Latest News

California tap water linked to thousands of cancer cases, study suggests

  • Facebook
  • Twitter
  • Google+
  • LinkedIn

A new study from a team of scientists at the Environmental Working Group, has found that drinking California tap water could increase the number of cancer cases statewide by more than 15,000 over the course of a lifetime. Researchers analyzed data in more than 2,700 California community water systems from 2011 to 2015 and looked at how drinking water pollutants interact and affect human health. Their article was published last week in the peer-reviewed journal Environmental Health.

The teams estimated 15,449 added cancer cases over the course of 70 years adds up to 221 annual cancer cases from drinking-water pollution:

“Drinking water rarely contains only one contaminant, yet regulators currently assess the health hazards of tap water pollutants one by one. This ignores the combined effects of multiple pollutants, which is how people ingest them in the real world.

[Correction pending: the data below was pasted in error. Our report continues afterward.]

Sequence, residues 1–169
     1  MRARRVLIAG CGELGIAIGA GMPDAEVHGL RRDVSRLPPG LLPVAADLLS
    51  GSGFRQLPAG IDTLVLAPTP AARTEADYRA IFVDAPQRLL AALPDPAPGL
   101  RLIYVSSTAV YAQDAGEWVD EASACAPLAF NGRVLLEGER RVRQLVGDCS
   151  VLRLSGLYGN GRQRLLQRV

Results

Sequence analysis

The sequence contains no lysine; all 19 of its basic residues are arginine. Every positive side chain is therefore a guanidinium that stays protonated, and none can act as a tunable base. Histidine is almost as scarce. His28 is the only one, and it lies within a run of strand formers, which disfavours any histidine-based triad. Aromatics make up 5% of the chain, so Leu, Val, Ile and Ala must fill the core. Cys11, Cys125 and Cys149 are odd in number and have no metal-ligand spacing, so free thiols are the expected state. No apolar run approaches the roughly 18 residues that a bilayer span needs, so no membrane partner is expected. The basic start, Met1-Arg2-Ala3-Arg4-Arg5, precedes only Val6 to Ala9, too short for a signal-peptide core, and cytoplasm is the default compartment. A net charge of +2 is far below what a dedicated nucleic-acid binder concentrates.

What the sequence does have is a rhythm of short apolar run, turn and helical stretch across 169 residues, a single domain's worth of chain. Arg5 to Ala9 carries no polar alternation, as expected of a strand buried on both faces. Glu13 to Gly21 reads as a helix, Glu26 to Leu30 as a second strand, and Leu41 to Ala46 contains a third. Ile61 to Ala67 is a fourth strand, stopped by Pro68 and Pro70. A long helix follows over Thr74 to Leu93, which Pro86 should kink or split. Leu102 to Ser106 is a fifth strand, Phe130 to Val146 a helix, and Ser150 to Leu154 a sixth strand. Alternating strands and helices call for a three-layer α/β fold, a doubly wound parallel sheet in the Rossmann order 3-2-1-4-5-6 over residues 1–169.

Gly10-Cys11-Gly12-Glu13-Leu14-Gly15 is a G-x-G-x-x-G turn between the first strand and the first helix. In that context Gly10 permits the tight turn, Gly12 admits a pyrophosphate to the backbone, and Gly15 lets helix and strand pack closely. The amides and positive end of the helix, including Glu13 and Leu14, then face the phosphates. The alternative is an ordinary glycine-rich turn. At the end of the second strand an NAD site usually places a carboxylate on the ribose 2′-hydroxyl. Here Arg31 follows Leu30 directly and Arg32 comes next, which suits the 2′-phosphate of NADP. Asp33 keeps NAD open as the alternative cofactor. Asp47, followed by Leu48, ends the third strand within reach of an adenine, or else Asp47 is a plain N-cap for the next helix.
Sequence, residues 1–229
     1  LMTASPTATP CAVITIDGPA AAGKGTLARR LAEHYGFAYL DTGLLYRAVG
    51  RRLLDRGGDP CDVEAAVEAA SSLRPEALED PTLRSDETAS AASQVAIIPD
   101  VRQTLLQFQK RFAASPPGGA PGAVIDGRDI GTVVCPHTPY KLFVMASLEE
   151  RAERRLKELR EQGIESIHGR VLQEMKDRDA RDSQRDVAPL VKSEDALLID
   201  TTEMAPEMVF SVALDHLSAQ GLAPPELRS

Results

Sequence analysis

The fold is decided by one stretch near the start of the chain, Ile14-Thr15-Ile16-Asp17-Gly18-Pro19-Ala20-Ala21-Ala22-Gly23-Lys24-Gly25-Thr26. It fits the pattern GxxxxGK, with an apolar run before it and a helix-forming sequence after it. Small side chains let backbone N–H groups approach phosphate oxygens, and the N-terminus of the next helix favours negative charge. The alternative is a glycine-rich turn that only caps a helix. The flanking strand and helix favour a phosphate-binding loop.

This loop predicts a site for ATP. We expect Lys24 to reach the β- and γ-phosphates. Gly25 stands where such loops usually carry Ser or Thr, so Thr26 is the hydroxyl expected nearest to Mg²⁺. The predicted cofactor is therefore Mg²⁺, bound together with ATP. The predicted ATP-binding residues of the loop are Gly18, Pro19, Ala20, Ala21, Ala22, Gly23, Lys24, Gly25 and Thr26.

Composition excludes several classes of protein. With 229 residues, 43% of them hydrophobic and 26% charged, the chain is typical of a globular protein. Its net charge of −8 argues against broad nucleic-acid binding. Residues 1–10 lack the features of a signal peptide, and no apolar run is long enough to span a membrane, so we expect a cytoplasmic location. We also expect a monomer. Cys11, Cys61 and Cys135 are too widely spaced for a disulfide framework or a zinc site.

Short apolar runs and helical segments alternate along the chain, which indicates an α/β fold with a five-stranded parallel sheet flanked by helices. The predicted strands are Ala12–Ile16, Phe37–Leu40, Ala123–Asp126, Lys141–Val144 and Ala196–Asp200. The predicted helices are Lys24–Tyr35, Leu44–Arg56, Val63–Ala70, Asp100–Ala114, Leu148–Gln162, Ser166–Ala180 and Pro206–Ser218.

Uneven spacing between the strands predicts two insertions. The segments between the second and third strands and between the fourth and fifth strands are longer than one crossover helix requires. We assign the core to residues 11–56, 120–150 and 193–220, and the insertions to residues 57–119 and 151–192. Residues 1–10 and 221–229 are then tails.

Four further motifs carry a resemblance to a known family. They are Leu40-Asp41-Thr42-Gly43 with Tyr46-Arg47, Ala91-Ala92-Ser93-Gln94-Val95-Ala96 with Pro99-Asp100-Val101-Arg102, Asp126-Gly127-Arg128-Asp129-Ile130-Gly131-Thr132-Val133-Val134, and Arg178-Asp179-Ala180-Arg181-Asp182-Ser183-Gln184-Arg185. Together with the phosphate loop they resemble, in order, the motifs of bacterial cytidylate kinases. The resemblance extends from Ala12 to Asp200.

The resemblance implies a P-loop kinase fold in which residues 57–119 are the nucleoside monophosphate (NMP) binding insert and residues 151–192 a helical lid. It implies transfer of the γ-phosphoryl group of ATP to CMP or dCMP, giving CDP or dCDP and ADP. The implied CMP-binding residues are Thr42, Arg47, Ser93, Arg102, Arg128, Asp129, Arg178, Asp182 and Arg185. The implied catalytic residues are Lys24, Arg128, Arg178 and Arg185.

The group looked at levels of carcinogens and toxic contaminants in the drinking water and found small to midsize communities faced some of the greatest cancer risks.”1

  • In 495 water systems affecting more than 3 million people, there was a cancer risk greater than 1 additional case per 1,000 people.1
  • In 1,177 systems, affecting more than 28 million people, there was a risk of 1 per 1,000 to 1 per 10,000 people.1
  • Arsenic contributed to an additional 7,251 estimated cancer cases.1
  • Other potentially harmful chemicals included various disinfectant byproducts and hexavalent chromium, also known as chromium-6 or the “Erin Brockovich” chemical.1

Interestingly, the scientists found that even pollutants below legal limits contributed to more than 85% of the estimated cancer risk. This clearly highlights the fact that officials must lower limits for these pollutants.

Tasha Stoiber, one of the study’s authors, said more research is needed to understand how pollutants’ interactions affect humans. Because so little is known about these interactions, the study could overestimate or underestimate the risks. We appreciate the EWG’s truthfulness and transparency.


Leave a comment

Your email address will not be published.


Share This